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On a gloomy, greyly monochromatic night in a time and place deliberately left unspecified, the speaker is driving his car from "West Virginia to Kiss My Ass"—through the Appalachian wastelands of tin-roofed huts, junked autos, "black bean and wet slate bread." As he drives, his thoughts become a catalogue of both what he sees and what, through inference, he knows is outside the car window: "wooden dollies," "industrial barns," "Mothers hardening like pounded stumps," slaughtered hogs gone into at length in strophes 3 and 4. These observations pass in a frenzied rush, and the sense is that of pressure building at a threatening rate. The speaker does not understand this pressure on a conscious level: he is a stranger in this land and merely reports what his senses receive. On the unconscious level, however—the level of the inexpressible, the "talking in tongues"—he does understand. As the poem ends, this building pressure finally bursts, and he knows.

What is this relentless pressure? What is its source? On first reading, this source seems to be primarily the anger and frustrations of the poor lying in wait along the side of the road—frustrations and anger that grow without purpose, building to some breaking point as emphasized by the frequent repetition of the clause "They lion grow" in lines 5, 11, 18, and 25. This pressured sense is intensified by two devices: first, the constant repetition of the preposition "out of" in strophes 1 and 2, and the preposition "from" in strophes 3-5; second, the graded lengthening of strophe lengths from five lines in the first, six lines in the second, seven lines in the third and fourth (an important stall to be discussed later), and the ultimate eight lines in the final fifth. Furthermore, the building repetition of that ominous and unspecified "They Lion" increases the feeling of some impending doom: from only one mention per strophe in the first three, "They lion" is stated twice in strophe 4 and thrice in strophe 5. Finally, in strophe 5, we have correlative repetitions adding to the effect of' "They Lion": "they feed" (line 27), "they sack and they belly opened" (line 31), "They feed they Lion and he comes" (line 33). Who is this "they"? What is this "lion"?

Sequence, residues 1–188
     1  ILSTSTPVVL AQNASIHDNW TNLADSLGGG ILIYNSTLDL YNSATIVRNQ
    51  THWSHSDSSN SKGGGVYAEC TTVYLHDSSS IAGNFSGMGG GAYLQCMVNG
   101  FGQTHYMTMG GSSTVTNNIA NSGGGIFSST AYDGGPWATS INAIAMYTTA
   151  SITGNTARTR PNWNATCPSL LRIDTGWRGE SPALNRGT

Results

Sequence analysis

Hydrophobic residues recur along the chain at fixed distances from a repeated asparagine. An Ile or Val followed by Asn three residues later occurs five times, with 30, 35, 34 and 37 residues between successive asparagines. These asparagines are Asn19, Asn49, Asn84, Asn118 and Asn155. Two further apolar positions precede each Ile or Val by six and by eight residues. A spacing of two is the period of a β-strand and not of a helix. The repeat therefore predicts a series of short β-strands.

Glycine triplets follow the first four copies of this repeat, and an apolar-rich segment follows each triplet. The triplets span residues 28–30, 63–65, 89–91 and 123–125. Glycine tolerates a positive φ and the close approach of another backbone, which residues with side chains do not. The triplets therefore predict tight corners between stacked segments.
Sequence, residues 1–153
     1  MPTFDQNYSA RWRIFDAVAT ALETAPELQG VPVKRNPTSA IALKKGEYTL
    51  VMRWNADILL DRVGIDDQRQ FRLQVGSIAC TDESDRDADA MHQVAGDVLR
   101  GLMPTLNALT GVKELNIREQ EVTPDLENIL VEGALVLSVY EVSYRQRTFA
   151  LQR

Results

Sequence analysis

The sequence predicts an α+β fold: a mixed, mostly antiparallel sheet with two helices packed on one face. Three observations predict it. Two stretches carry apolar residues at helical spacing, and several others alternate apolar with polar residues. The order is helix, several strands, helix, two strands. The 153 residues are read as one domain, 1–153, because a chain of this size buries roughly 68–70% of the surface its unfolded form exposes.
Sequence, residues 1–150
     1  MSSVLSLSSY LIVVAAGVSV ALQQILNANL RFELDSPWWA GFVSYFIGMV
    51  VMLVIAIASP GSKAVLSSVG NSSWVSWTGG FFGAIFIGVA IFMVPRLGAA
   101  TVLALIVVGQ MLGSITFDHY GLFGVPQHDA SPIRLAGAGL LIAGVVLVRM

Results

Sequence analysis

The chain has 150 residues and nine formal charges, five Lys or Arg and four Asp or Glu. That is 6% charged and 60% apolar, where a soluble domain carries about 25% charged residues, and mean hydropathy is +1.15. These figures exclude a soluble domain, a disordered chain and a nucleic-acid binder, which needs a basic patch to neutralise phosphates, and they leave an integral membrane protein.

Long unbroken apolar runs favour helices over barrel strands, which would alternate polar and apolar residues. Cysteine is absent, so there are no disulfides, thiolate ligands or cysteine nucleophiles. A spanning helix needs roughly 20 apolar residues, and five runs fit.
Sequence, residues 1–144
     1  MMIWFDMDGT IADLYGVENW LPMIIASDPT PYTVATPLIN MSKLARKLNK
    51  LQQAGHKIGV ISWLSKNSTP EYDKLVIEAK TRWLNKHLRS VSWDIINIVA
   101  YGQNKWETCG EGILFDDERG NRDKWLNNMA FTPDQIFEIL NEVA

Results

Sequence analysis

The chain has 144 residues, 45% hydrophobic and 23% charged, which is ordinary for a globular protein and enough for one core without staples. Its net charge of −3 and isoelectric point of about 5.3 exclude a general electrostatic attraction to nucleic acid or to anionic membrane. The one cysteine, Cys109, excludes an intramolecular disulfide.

On second reading, an apocalyptic undercurrent becomes evident. Yeats's "rough beast" in "The Second Coming" is called to mind:

. . . somewhere in the sands of the desert A shape with lion body and the head of a man, A gaze blank and pitiless as the sun, Is moving its slow thighs, while all about it Reel shadows of the indignant desert birds.

Yeats's poem is a vision of universal apocalypse and rebirth; as one reads "They Feed They Lion," the same vision appears. From a religious standpoint, other references are brought to mind: an allusion to the biblical maxim "the meek shall inherit the earth" with line 29, "from my children inherit"; a reference to the woodhewn tabernacle in line 30, "From the oak turned to a wall"; a reference to sacrifice, the sacking of towns (especially Old Testament sackings), and the earlier slaughter of the hog In line 31, "From they sack and they belly opened"; and finally, a reference to the prophesied fiery Apocalypse in line 32, "And all that was hidden burning in the oil-stained earth." These biblical references all appear in the penultimate four lines of the poem: all are conditions feeding They Lion until, ultimately, in line 33, "he comes."

The poem, then, is a contemporary vision of the Second Coming; the question remains, however, of just who is prophesied to come. It is significant to note that although "he comes" falls on a line numbered the same as the year of Jesus Christ's death, the "he" is not capitalized as it traditionally would be if referring specifically to Christ. Perhaps instead "he" is either one of the poor or simply the poor as a group: in any case, to increase the threat, Levine leaves this unclear . You can't prepare against an enemy you don't know.